There is no need to make a hurried decision with regard the final resting place of the remains with most crematoria having a facility to hold the remains until a decision is made. Should a crematorium not be contacted with a decision after a period of time has elapsed you may receive a letter asking if you are ready to go ahead. If you are not simply tell the crematorium that you need more time (a fee may be applicable). Should a crematorium receive no reply to their letter they may legally scatter or bury the cremated remains within their grounds after giving two weeks written notice.

Can more than one body be cremated at a time?

No, each cremation is carried out separately. The aperture through which the coffin passes in the cremator and the cremation chamber are of dimensions that will only safely accept one coffin. However, exceptions can be made in the case of a mother and baby or small twin children, so long as the next of kin or executor has made this specific request.

Where can I find out more information about cremation?

The Institute of Cemetery and Crematorium Management (external link) Charter for the bereaved gives detailed information about all aspects of the cremation process and encompasses environmental and social aspects. Cremation authorities that have adopted the Charter for the Bereaved will provide information and guidance and you can obtain a full reference copy of the Charter document from the ICCM website

Historical Searches

All cremations and burials are recorded on computer and retained forever. We have more than 78,000 cremations, 125,000 burials and over 75,000 graves on record.

Please use our contact form to request our City Council team to carry out a record search.

Responsibility for the safety of a memorial rests upon three parties:

  • The purchaser/owner of the memorial.
  • The mason/erector of the memorial.
  • The land owner/s.

The condition and inherent safety of a memorial during its entire lifespan are the responsibilities of the purchaser or his/her heirs. It is a good idea to look at the memorial to assess what risk it carries:

  • How tall is it?
  • How big is the base?
  • How likely is it to fall? (some shapes are less likely than others)
  • If it fell, what damage could it do (to a child for example)?

Our cemetery staff are always willing to advise, or you could consult your local stonemason or get in touch with the National Association of Memorial Masons (NAMM) at::

National Association of Memorial Masons
1, Castle Mews
CV21 2XL

Tel: 01788 542264

Email: [email protected]


When there are no living relatives or no other person with the responsibilty for making funeral arrangements can be traced, our Environmental Health tean can make the necessary arrangements.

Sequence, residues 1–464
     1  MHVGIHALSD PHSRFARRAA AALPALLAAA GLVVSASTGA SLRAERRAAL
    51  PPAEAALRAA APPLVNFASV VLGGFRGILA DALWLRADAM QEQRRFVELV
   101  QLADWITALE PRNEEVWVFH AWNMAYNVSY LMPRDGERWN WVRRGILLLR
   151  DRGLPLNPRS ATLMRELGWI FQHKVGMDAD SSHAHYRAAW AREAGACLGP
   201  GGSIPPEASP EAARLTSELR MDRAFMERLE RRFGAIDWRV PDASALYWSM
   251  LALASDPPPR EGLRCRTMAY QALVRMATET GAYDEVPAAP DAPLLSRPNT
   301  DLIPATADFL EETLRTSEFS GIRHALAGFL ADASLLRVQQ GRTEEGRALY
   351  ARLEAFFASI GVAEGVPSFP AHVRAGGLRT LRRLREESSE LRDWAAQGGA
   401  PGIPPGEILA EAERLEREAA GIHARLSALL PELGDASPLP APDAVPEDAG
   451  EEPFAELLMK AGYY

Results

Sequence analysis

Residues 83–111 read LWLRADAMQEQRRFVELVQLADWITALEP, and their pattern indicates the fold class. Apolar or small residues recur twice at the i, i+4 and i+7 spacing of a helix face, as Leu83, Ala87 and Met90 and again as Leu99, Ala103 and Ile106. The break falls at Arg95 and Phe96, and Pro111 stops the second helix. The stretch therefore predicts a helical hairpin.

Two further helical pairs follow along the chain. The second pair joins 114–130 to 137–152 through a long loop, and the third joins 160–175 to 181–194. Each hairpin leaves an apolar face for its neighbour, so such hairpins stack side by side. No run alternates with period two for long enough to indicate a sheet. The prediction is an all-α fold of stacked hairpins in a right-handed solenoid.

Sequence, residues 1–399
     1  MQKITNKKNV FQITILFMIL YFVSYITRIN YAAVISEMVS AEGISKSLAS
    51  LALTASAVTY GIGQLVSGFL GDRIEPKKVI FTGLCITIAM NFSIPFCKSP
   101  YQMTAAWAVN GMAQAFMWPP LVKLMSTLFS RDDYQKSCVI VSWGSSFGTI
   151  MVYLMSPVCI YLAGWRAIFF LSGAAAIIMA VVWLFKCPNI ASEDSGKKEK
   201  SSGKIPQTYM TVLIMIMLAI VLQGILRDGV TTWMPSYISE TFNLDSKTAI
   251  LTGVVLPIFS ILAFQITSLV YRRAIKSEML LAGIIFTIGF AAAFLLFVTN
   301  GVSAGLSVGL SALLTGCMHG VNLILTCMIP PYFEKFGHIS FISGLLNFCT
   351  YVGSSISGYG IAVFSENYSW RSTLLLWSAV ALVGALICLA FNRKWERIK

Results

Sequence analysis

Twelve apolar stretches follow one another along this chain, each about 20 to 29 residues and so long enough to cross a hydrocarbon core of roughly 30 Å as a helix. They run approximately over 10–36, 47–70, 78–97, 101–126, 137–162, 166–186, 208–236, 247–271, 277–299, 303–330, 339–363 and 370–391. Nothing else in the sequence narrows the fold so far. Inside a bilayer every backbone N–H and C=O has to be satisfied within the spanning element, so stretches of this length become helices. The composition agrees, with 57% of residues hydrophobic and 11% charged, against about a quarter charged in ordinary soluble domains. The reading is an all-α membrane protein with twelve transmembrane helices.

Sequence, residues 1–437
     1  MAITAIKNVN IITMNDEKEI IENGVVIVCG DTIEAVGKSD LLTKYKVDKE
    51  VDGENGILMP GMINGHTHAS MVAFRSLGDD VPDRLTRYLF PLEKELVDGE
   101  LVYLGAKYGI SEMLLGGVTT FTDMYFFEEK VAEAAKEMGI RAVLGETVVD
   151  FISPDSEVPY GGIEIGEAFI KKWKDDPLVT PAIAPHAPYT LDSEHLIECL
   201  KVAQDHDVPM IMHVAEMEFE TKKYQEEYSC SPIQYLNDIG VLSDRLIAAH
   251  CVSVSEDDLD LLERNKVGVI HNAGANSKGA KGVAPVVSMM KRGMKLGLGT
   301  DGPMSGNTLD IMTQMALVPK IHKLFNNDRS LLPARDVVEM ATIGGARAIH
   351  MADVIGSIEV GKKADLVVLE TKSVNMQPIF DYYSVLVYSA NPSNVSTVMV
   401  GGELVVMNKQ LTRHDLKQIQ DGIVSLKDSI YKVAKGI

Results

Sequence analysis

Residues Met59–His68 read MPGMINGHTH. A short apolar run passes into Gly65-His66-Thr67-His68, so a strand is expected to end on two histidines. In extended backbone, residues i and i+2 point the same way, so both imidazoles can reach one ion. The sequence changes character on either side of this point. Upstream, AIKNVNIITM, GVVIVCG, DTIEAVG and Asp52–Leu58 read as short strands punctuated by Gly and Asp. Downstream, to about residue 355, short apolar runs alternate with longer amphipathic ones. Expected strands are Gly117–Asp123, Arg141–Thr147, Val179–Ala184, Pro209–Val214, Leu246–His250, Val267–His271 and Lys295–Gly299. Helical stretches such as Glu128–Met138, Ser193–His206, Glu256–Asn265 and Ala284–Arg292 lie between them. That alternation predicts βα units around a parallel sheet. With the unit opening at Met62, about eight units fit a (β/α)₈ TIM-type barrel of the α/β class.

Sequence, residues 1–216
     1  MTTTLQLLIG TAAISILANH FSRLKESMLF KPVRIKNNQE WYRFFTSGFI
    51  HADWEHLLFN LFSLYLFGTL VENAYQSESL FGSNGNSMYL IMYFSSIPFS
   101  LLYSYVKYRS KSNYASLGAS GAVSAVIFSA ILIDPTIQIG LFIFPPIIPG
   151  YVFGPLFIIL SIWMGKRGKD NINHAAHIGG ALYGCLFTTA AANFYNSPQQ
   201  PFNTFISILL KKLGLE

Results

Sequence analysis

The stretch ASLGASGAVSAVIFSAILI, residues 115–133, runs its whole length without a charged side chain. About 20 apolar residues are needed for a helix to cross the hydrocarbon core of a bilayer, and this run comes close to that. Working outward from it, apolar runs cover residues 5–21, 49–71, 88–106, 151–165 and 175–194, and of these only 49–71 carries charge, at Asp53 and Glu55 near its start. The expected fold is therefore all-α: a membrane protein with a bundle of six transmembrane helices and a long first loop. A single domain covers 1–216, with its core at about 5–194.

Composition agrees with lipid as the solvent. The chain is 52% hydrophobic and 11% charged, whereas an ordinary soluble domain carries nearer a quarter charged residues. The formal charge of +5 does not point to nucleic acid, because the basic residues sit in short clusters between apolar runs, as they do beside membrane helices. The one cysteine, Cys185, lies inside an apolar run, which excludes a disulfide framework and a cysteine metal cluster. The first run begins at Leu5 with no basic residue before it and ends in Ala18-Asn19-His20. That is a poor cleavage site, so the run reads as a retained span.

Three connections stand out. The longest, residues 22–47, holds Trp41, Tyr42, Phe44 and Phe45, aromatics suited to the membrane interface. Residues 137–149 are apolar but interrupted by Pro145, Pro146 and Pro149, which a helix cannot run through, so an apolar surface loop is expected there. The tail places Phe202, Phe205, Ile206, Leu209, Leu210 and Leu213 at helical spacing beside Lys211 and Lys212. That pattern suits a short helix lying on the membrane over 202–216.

Before arranging a funeral it is important to check if the deceased left any instructions within their Will regarding their wishes. It may be that they wanted to donate their body for medical research or donate their organs for transplantation. Funeral arrangements may have already been made using a pre-payment plan or specific instructions may have been left concerning the funeral service itself. If there is a Will, the executor has the right to decide whether it should be a burial or cremation (even if the Will expresses a particular wish). If there is no Will, the next of kin should decide.

By law, a death must be registered. This is usually done in the county or borough in which the death occurred, although it is possible to register the death in another area by arrangement.

In order to register a death, the registry office will require the following:

  • Certificate of cause of death
  • Full name of the deceased (if married female, the maiden name and her husband's full name will also be required)
  • Home address of the deceased
  • Date and place of death
  • Occupation of the deceased.

When the death occurs at home

The nearest relative and family Doctor should be informed. The Doctor will complete a certificate stating the cause of death.  If cremation is chosen, two Doctors are required to sign a certificate. The first Doctor will instruct the second Doctor, who can see the body in the mortuary or chapel of rest. The Doctors certificate must be taken to the Registrar in the registration sub-district where the death occurred, normally within five days.

When the death occurs in hospital

A certificate will be issued as above, but the hospital may wish to carry out a post mortem examination of the deceased. Before this occurs, consent must be obtained from the nearest relative.

When a death occurs suddenly

If the death was sudden, and the Doctor had not seen the patient within 14 days of death, the Coroner must be informed. The coroner will decide if it is necessary to carry out a post mortem examination. If it is decided that the death occurred from natural causes, the coroner will issue notification to the effect that an inquest is not required. Alternatively, the coroner may decide that an inquest should take place in order to establish the cause of death.


If a grave has already been purchased, you will need to provide the deeds or some other documents to show proof of ownership. If a new grave is required, you should decide in which cemetery the interment should take place and who will have exclusive right of burial named on the deed. In Carlisle you may wish to view the different types of graves available. The funeral director can make an appointment for you, and a member of staff will show you all the options.

The funeral director will ensure that all relevant documentation is delivered to Bereavement Services by 9am at least 48 working hours prior to the burial taking place. 


You will need to advise the Doctor that a cremation is desired, so that two Doctor's signatures are obtained. In addition to the Death Certificate, a Form A Application for cremation is required. The funeral director will give you all the relevant forms, which must be completed by the Executor, the nearest surviving relative and witnessed by any householder to whom the applicant is known.

As with burial the funeral director will ensure that all the relevant documentation is delivered to Bereavement Services by 9.30am two full working days prior to the cremation.

Bereavement Services Costs

For information on bereavement and memorial fees see Downloadable Documents.

 Contact Details